BBB Urges Caution When Making Buying Decisions Based on Infomercials

Connecticut Better Business Bureau warns TV shoppers to beware of possible infomercial "inconveniences"

Consumers Who “Call Now” May Get More - or Less -Than They Bargained For

While most shoppers enjoy browsing in stores or online, others prefer spontaneous product pitches on television in the comfort of their own homes.

Unlike dedicated home shopping channels which offer a variety of items throughout the day, an infomercial is typically presented in a half hour-long format and pitches a specific product.

Infomercials lure buyers with hard-to-find-elsewhere gifts and “call now” offers on appliances, cosmetics, jewelry, novelty items and weight-loss products.  However, Connecticut Better Business Bureau warns TV shoppers to beware of possible infomercial inconveniences:

Exaggerated Advertising: Don’t believe marketers that claim to sell “miracle” products with “life-changing” results.  Be skeptical of embellished testimonials, “expert” endorsements and unrealistic before-and-after photos.

Aggressive Upsells: It’s typical for “buy now” offers to come with bonus merchandise, but don’t be talked into purchasing excess products or switching to more expensive packages.

False Urgency: Pause before picking up the phone; some ads fib that “supplies are almost sold out” to sway shoppers into quick purchasing decisions.

High Demand: Be doubtful of TV claims or on-hold phone recordings that sellers are “dealing with high call volumes.”  This is a common tactic—especially in small call centers.

Unscrupulous Salespeople: Upon redeeming infomercial offers by phone, be aware that call center employees may be mishandling information—unintentionally or intentionally.

Mishandled Merchandise: Be suspicious if packages don’t show up within 30 days—or by specified shipping dates.  Don’t settle if items appear damaged or defective upon arrival.

Underperforming Products: Be mindful that goods may be less impressive in-person than in demos, samples and photos.

Sneaky Billing: Watch out for repeat charges associated with affiliate marketing programs or membership subscriptions.  It’s a warning sign if unordered products or unexpected solicitations start arriving in the mail.

Connecticut BBB offers some tips to avoid potential problems if you want to buy a product advertised in an infomercial:

  • Research companies and products on bbb.org and consumerreports.org.
  • Search for products online to find sellers’ sites and see comparative pricing.
  • Make sure you understand purchase policies, including return or exchange options.
  • Check out the seller’s privacy policies before offering payment information.
  • Get a delivery timeline; request purchase confirmations and tracking numbers.
  • Always pay by credit card and retain receipts to dispute charges in case of fraud.  Check your financial statements regularly.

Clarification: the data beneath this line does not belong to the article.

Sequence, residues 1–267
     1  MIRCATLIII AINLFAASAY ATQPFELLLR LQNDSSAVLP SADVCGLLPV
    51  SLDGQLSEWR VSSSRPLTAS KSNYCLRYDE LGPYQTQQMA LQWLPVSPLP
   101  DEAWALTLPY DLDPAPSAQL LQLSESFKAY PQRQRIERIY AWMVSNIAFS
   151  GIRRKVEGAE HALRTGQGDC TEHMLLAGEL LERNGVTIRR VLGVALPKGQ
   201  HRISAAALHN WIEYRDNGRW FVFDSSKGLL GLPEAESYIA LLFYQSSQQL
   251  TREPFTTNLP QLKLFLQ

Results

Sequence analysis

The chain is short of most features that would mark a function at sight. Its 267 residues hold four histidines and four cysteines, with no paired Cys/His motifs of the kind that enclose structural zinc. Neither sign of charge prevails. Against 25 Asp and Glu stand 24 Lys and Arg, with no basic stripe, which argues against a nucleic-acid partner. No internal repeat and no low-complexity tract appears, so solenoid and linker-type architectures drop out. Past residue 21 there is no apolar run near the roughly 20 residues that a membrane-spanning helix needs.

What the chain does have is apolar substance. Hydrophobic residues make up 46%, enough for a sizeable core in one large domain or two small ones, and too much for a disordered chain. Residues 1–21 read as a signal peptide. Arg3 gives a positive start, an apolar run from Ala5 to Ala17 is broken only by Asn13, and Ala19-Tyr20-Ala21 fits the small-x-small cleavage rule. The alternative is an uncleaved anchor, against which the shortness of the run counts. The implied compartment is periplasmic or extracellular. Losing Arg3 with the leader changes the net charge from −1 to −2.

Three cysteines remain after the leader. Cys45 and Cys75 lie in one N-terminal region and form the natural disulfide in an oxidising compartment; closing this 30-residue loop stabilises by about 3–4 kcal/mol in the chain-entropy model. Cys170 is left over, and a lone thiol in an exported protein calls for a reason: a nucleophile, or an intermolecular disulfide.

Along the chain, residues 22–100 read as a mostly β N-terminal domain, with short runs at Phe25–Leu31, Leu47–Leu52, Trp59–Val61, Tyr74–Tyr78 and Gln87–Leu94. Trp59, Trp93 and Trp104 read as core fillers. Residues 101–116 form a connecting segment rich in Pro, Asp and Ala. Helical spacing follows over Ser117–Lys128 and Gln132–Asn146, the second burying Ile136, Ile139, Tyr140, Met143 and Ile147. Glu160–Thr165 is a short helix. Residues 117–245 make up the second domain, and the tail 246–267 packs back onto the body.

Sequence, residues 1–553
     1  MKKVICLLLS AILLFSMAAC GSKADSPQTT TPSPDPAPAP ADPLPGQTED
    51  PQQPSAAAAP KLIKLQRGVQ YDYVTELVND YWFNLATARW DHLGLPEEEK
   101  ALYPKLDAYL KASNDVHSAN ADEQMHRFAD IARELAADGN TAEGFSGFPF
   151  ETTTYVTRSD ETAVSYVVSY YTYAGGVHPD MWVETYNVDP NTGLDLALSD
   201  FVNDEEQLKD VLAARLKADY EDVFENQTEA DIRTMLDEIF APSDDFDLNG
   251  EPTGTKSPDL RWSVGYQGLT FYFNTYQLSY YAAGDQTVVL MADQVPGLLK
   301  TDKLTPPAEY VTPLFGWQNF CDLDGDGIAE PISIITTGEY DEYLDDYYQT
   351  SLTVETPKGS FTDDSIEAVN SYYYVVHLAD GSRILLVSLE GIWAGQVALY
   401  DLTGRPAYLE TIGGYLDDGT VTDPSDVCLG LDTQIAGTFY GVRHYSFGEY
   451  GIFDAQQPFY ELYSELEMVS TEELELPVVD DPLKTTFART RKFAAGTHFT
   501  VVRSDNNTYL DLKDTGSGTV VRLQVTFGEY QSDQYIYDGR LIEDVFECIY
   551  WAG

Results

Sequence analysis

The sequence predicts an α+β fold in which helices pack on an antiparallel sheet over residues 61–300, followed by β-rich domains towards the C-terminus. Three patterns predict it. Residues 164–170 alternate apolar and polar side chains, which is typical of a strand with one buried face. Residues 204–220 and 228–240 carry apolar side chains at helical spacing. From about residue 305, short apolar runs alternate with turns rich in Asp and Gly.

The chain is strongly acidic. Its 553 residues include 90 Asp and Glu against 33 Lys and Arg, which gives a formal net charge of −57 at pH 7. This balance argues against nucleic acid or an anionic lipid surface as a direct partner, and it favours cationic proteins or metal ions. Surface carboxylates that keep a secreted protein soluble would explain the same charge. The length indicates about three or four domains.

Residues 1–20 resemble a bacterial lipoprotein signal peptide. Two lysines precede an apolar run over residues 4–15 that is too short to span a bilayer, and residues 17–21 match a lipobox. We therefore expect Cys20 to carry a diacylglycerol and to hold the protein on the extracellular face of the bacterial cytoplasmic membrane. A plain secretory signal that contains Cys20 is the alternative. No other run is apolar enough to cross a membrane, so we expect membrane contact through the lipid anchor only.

Notify sellers immediately if items are disappointing, damaged or do not arrive as anticipated.  If you do not get a response, you can file a complaint at www.ct.bbb.org.

-Submitted by Howard Schwartz, Executive Communications Director Connecticut Better Business Bureau

This post is contributed by a community member. The views expressed in this blog are those of the author and do not necessarily reflect those of Patch Media Corporation. Everyone is welcome to submit a post to Patch. If you'd like to post a blog, go here to get started.

Kaptainsteve February 24, 2013 at 08:41 PM
Jim, that's what they said about the VegoMatic.
Edward Fast Lazarus February 24, 2013 at 08:53 PM
Jim G has it completely right. Have you noticed that these are usually promoted at 1 am? When it appears too good to be true---
Mike Butler February 25, 2013 at 12:50 AM
"Help me Mr. Popeil!"
southington man February 25, 2013 at 01:24 PM
What's funny is BBB is telling to you be cautious, but BBB got caught selling aaa+ ratings on companies if the pay they BBB ransom. Maybe these companies won’t pay the ransom to BBB so this is their way of getting back at them.
Connecticut Better Business Bureau News February 25, 2013 at 02:05 PM
Thank you folks for the wonderful feedback. Connecticut BBB has never, does not and will never take money to change a company's business review. Companies apply for accreditation - and some are turned down because they do not meet accreditation standards, which you can find on our website. There is no such thing as a "AAA+" rating, and if you research our business reviews, you will find non-accredited businesses with an A rating. Similarly, not all accredited businesses are eligible for that rating, and the reasons are also listed on our website. We educate consumers about ongoing business and consumer practices, monitor the marketplace and publicize trends and scams and explain how to protect yourself. Anyone who needs assistance can always visit us online or call us at 203-269-2700 to research a company, find an accredited business or file a complaint. Best, Howard


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